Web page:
Summary Administration is a shortened form of Florida probate that is available only for estates that are “small” – meaning they do not exceed $75,000 in value – or under circumstances where the decedent has been dead for two years or more. If the decedent died having executed a valid last will and testament that specifically instructs for the estate to go through formal administration, summary administration will not be available.
A petition for summary administration can be filed with the probate court by any of the decedent’s beneficiaries or by the person appointed as the personal representative in the will. It is important to note that all beneficiaries must be notified of the petition, and they may join in the summary administration process by signing the petition; however, this is not necessary as long as every beneficiary receives proper notice of the filing of the petition.
In order to successfully obtain an Order of Summary Administration from the probate court, the summary administration petition must list every single one of the assets of the estate and the exact value of each and every asset. The petition must also include a schedule of all beneficiaries and a proposal for the distribution of the probate estate assets to the beneficiaries. Upon confirmation that all the requirements of summary administration under the Florida probate code have been successfully met, the court may issue an order of summary administration, authorizing the distribution of the assets to the decedent’s beneficiaries.
Just like in a formal administration, anyone seeking summary administration is obligated to diligently search for known or reasonably ascertainable creditors with interests in the estate. Such creditors should receive a copy of the petition for summary administration, and the petitioner must pay those creditors as long as there are assets available in the estate to fulfill the payments. The petitioner, however, will not be held liable on a personal level for any creditor claims beyond the value of the estate.
After the order of summary administration is issued, any beneficiary has the option to publish a notice to creditors in a local newspaper published in the county where the estate is being administered meant to notify all potential creditors that an order of summary administration has been issued by the probate court. The purpose of this step is to protect the decedent’s beneficiaries from any subsequent claims. The Florida probate code gives creditors a 3-month time limitation beginning from the date of the first publication to file claims against an estate. All creditors must file their claims against the estate with the court within that 90-day period. Any claims filed outside this period are forever barred.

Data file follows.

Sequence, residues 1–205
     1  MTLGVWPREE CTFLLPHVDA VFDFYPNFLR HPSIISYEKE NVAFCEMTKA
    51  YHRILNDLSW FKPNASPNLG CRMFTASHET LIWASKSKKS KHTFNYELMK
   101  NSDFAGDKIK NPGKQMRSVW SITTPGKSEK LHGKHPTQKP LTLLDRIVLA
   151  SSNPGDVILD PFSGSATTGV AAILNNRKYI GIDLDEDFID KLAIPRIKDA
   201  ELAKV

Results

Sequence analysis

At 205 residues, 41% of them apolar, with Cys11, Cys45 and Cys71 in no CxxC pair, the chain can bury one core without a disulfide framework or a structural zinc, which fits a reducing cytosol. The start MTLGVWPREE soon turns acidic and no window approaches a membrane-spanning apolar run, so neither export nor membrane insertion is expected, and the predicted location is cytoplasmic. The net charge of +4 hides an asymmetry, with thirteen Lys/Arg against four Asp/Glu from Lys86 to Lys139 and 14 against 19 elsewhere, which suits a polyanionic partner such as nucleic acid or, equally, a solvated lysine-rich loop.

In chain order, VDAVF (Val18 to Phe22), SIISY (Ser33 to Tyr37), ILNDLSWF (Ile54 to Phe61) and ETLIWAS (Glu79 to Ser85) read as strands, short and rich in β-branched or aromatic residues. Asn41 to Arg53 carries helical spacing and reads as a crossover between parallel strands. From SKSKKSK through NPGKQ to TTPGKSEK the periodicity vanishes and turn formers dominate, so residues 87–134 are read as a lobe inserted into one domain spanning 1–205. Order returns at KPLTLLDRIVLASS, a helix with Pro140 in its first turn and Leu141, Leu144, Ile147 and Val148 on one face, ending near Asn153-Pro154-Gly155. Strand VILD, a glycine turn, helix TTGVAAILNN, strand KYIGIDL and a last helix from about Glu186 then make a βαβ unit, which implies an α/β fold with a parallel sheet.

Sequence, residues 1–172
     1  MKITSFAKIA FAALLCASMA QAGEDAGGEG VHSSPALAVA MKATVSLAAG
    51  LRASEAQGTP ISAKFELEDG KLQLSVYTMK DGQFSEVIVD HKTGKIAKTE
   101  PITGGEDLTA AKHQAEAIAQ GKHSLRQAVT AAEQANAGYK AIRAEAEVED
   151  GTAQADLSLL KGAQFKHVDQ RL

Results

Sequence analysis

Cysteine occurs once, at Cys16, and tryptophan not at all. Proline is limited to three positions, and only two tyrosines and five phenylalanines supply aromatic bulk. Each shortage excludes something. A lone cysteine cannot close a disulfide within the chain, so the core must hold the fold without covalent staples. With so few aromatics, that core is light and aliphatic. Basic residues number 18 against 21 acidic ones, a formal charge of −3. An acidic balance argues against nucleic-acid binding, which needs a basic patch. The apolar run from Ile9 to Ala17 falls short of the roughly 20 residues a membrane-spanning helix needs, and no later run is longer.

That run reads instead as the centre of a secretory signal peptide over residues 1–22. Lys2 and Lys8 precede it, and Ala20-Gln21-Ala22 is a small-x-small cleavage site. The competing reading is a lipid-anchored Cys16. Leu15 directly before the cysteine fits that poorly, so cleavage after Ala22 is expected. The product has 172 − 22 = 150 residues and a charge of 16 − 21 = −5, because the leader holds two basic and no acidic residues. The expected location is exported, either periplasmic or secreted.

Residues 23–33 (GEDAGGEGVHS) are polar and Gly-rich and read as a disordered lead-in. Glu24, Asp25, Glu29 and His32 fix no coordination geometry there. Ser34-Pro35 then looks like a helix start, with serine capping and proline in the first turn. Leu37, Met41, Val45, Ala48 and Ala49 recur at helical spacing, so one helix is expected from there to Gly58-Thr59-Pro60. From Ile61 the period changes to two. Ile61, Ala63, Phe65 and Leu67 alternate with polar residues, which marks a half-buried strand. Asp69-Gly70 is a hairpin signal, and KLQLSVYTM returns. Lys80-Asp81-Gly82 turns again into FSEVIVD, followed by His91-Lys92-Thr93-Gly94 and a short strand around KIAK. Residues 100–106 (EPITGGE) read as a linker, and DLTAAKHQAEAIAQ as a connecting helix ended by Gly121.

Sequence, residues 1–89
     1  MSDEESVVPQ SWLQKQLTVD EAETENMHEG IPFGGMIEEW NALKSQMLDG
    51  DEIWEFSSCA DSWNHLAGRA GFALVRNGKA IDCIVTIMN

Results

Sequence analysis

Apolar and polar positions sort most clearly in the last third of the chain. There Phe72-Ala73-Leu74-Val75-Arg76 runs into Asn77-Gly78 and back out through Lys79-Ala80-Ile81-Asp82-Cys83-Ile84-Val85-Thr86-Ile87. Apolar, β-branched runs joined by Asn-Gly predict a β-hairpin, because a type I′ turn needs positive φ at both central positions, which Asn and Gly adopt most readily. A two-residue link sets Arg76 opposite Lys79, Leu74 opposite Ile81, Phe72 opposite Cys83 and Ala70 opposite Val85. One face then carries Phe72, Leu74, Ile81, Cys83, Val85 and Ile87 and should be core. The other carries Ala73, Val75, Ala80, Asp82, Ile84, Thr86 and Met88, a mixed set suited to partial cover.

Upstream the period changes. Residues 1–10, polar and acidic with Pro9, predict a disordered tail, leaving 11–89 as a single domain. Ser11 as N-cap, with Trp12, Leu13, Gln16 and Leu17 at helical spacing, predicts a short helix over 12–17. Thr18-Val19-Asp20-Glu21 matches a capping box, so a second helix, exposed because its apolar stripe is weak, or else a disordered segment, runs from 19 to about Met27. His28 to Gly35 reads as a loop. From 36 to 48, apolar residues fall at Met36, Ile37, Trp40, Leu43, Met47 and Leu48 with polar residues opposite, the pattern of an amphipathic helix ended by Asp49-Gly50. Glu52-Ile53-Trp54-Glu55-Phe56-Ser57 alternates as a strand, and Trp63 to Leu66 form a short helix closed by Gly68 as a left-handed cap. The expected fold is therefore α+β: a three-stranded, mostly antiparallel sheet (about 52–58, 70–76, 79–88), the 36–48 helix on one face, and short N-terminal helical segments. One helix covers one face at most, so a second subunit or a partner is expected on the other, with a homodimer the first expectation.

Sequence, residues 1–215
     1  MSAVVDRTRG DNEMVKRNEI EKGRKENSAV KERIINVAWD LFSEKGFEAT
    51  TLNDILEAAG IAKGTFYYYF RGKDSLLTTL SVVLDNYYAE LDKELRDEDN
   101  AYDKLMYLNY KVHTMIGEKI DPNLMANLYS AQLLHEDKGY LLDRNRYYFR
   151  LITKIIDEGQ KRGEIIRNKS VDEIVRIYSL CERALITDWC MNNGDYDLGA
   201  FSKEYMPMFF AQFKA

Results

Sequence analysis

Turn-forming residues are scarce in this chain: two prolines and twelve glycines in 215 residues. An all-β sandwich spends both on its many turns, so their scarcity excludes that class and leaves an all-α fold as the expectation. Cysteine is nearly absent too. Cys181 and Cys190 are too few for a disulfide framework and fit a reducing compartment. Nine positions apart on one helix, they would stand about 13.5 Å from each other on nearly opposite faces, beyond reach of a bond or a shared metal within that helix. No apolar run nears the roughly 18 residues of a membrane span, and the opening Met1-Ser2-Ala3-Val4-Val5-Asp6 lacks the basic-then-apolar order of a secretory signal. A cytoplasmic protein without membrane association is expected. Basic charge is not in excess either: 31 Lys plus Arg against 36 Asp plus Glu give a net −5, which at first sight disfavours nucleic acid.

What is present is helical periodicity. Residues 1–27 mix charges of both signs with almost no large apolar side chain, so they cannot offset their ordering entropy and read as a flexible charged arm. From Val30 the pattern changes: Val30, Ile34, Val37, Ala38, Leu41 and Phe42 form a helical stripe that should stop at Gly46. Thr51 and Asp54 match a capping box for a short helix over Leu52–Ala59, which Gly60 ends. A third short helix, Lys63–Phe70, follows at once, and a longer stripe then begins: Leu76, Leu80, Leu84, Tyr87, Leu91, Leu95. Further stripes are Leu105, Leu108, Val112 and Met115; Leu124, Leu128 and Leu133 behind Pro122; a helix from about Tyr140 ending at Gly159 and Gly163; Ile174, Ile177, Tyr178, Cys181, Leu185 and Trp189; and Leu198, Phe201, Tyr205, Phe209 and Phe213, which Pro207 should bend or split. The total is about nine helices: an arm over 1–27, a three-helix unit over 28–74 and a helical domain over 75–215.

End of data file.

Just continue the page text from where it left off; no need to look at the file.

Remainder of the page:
Summary Administration – Not Always the Best Choice
Although summary administration is far less expensive and time-consuming than formal administration, it might not be the best choice in some situations even if it is available. Some of these situations include:
- The decedent’s estate assets are known, but there is a wrongful death lawsuit in progress that may require an appointed personal representative to prosecute the case on behalf of the decedent’s estate.
- There are federal tax liens or back taxes owed.
- There are several creditors who will undoubtedly require a formal accounting – which is an element of formal administration only – in order to consider negotiating the settlement of a debt.
- A property is in foreclosure and a personal representative needs to discuss alternatives to this situation with the bank.
- There are rent payments that need to be deposited as soon as possible.
Determining that Summary Administration is the Best Choice
The best way to be sure if Summary Administration is the best choice for your case is talking to an experienced Florida Probate Attorney. You must not rely on your intuition here. It is definitely necessary to have an experienced probate attorney make this determination with you in order to avoid unnecessary delays in the probate process, which could mean days, weeks, or even months of extra time for the administration to be completed.
At our Miami Probate Law Firm, Jurado & Associates, P.A., our attorneys have several years of combined experience providing probate services throughout the beautiful State of Florida. When a loved one passes away and court proceedings are required, we understand you may feel overwhelmed with questions to which you do not necessarily have the answers. During an initial consultation, one of our attorneys will help you understand the estate administration process so that you know what awaits you. We will work as hard as we need to in order to make the Florida probate process as quick and simple for you as possible.
Call us today at email@example.com“>Romy@juradolawfirm.com.